‘It’s possible to farm without subsidies’

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Profitable milk production is possible – without contracts and subsidies - provided you know your costs precisely.

That was the view expressed earlier this week by Jim Thompson, who milks across two sites near Green Bay in Wisconsin, USA.

The Banbridge man left for the States some 15 years ago, where he found that it was possible to develop a thriving dairy farming business on the back of a commitment to manage cows in the most efficiency way possible. Jim farms with his wife, Alison, who joined him on the trip to Ireland this week.

“We buy in most our feed, corn silage and alfalfa, from a number of local growers. We pay an agreed price per tonne of feed delivered,” said Jim.

“This is all about trust. There are no formal contracts entered into. There is a simple acceptance that everyone involved is doing the very best for everyone else.

“The same principle holds when it comes to making slurry and other farm wastes.”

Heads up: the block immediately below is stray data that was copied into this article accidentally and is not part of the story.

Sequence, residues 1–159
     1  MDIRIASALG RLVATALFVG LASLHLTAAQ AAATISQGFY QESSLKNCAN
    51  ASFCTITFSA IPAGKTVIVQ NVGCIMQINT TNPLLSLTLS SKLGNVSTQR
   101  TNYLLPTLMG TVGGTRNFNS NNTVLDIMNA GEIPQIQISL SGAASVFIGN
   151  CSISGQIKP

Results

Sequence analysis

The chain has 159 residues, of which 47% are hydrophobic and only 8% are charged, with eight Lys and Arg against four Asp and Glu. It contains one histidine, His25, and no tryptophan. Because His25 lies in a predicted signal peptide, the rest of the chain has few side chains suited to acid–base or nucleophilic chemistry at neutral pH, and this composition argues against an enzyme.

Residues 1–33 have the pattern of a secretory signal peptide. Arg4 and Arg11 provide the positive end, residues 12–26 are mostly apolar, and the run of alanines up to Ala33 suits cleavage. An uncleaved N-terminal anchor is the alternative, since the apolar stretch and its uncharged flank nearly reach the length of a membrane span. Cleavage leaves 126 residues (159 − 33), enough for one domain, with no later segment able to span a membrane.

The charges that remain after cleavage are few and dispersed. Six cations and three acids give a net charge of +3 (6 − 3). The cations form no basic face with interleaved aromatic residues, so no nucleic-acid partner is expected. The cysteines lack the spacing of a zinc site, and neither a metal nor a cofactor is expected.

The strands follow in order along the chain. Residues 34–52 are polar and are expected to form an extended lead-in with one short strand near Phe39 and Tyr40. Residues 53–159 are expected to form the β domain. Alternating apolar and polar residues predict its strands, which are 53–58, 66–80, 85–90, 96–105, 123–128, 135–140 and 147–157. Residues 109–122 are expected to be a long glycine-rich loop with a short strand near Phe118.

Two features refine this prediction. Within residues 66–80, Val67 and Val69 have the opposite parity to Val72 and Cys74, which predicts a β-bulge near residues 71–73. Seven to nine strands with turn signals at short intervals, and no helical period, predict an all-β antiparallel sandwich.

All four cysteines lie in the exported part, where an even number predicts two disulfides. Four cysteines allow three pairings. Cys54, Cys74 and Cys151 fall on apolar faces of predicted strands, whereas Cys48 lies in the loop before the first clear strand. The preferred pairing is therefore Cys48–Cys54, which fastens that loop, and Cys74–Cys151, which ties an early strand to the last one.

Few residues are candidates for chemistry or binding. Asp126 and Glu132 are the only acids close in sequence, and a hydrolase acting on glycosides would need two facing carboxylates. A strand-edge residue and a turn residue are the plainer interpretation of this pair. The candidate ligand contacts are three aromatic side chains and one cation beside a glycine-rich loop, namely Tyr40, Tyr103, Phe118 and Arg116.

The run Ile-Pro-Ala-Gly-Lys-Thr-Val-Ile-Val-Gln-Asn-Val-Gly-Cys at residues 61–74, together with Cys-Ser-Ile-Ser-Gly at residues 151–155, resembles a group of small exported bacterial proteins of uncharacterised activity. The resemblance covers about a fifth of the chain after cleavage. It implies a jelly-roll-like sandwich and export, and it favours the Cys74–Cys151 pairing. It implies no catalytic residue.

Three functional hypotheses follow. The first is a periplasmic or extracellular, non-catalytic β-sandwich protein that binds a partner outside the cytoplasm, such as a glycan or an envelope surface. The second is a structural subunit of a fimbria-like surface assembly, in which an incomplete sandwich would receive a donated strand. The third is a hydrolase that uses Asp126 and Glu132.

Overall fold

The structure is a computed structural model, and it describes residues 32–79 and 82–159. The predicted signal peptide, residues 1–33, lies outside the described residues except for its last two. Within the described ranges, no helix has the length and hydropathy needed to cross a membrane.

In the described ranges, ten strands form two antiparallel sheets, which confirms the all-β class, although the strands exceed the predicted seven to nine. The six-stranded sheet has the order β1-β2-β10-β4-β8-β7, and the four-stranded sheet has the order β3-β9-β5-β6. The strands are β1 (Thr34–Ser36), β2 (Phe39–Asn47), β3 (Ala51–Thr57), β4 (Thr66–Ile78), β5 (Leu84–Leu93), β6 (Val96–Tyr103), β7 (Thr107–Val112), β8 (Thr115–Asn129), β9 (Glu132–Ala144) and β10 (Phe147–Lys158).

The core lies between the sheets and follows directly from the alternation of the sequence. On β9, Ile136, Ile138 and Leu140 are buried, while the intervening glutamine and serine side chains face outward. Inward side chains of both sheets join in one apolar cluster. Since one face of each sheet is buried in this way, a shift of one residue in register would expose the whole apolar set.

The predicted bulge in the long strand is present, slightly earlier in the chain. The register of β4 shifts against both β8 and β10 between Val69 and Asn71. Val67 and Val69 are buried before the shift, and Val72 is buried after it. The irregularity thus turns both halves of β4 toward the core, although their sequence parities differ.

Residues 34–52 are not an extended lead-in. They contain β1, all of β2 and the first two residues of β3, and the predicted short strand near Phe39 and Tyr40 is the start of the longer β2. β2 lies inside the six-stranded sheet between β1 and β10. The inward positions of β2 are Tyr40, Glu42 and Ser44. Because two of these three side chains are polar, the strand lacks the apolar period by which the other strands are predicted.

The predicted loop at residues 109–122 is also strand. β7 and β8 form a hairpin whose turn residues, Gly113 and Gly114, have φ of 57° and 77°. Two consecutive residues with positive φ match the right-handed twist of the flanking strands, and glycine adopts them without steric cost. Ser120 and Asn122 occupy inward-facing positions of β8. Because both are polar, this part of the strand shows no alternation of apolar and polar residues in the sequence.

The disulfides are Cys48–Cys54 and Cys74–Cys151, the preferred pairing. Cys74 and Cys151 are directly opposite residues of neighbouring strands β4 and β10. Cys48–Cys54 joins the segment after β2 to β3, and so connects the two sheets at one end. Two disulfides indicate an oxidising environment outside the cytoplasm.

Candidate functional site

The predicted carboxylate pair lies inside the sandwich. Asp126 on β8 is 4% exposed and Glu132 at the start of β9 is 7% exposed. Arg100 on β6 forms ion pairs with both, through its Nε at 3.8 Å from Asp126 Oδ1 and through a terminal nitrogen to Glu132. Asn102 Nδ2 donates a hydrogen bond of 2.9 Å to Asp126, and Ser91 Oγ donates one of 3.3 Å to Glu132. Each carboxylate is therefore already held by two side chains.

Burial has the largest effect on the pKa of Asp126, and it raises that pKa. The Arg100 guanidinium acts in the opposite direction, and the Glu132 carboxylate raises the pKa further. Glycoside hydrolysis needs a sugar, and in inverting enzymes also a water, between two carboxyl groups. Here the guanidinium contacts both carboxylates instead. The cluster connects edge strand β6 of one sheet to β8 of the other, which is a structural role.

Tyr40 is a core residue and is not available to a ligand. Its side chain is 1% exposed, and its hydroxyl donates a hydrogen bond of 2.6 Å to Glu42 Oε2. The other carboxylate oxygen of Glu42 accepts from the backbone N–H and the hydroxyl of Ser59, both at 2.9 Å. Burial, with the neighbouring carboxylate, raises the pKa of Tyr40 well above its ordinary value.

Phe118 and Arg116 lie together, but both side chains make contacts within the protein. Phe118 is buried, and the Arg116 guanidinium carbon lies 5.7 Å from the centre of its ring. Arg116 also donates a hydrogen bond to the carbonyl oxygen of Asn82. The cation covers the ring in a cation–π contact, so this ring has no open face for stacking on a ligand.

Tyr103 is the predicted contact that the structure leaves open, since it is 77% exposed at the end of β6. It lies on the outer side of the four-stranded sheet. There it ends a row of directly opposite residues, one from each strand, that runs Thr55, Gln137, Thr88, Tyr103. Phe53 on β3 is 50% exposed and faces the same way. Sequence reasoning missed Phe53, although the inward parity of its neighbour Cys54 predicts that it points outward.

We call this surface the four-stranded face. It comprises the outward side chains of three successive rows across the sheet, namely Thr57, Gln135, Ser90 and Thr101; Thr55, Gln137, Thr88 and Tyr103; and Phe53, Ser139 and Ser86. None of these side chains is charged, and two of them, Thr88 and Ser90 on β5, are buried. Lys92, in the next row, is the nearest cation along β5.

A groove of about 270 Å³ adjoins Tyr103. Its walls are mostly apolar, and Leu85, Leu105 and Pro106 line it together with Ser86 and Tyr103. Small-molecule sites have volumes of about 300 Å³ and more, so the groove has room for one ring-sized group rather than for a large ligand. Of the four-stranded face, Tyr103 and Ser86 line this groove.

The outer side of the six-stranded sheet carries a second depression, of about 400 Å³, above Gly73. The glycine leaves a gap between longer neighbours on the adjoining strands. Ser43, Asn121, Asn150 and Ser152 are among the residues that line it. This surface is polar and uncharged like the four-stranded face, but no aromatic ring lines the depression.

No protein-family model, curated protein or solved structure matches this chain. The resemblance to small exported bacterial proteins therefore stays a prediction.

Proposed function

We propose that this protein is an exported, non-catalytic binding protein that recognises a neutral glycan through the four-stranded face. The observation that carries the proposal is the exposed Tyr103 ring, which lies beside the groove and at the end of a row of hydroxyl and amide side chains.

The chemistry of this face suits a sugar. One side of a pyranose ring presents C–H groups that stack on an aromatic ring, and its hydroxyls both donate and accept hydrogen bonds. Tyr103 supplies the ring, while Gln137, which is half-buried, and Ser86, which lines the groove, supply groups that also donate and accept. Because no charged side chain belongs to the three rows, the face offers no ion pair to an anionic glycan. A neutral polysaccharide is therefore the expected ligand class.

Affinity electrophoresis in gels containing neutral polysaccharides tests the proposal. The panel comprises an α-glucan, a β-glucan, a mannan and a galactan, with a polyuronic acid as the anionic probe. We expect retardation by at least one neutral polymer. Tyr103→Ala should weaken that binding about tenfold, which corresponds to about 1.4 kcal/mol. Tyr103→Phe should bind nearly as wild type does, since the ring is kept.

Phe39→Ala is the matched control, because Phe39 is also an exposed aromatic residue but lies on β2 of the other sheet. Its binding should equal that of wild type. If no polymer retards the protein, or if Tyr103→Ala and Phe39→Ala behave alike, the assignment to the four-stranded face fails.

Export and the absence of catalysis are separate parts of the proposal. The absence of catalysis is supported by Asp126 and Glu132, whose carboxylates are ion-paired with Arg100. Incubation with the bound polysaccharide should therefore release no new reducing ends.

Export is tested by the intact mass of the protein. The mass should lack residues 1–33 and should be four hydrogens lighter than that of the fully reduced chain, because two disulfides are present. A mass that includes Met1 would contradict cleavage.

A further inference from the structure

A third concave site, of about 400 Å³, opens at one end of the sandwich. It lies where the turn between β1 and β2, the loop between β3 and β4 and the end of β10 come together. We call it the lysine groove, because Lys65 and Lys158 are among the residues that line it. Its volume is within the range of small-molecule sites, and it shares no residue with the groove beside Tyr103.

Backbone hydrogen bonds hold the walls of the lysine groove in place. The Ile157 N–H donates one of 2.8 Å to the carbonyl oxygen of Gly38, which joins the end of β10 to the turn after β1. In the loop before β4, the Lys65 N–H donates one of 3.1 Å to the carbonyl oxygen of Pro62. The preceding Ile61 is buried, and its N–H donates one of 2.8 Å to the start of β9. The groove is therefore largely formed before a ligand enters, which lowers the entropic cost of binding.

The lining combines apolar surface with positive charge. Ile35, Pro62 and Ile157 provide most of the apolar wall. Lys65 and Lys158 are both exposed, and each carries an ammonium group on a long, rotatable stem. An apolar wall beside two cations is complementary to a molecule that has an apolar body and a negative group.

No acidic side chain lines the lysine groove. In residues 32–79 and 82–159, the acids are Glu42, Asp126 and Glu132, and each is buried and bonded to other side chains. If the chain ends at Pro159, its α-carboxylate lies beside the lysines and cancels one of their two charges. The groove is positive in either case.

Jim confirmed that his farm business is not eligible for any subsidies from the United States’ government.

“In my opinion subsidies only encourage inefficiency,” he stressed.

“For us, it’s all about getting the best possible milk price from the market. And this comes down to producing milk of the highest quality, while driving improved efficiency within the business.

“We employ 50 people. So getting the best out of everyone involved is crucially important.”

Adding value is another core driver for the Thompsons.

“Most of our milk goes for kosher cheese production. Our farms are regularly inspected by a rabbi,” said Jim.

“Only milk produced from cows that have not had any form of surgical procedure performed on them is eligible for this business.

“Another factor in our favour is our ability to provide our own haulage to the milk processing plant.

Getting on with neighbours is another priority for the Thompsons.

“One of the farms is very close to a built-up area,” Alison explained.

“There are times of the year when the roads around the farm can get quite clogged up with either manure or silage.

“In light of this we would provide all our neighbours with a selection of cheese once a year. It’s our way of saying thank you for your patience and tolerance.”

But Jim keeps coming back to the overall priority for the business, which is that of producing high quality milk.

“Last year one of our farms averaged a cell count of 60 for an entire 12-month period. This reflects our commitment to managing the cows to the highest possible standards.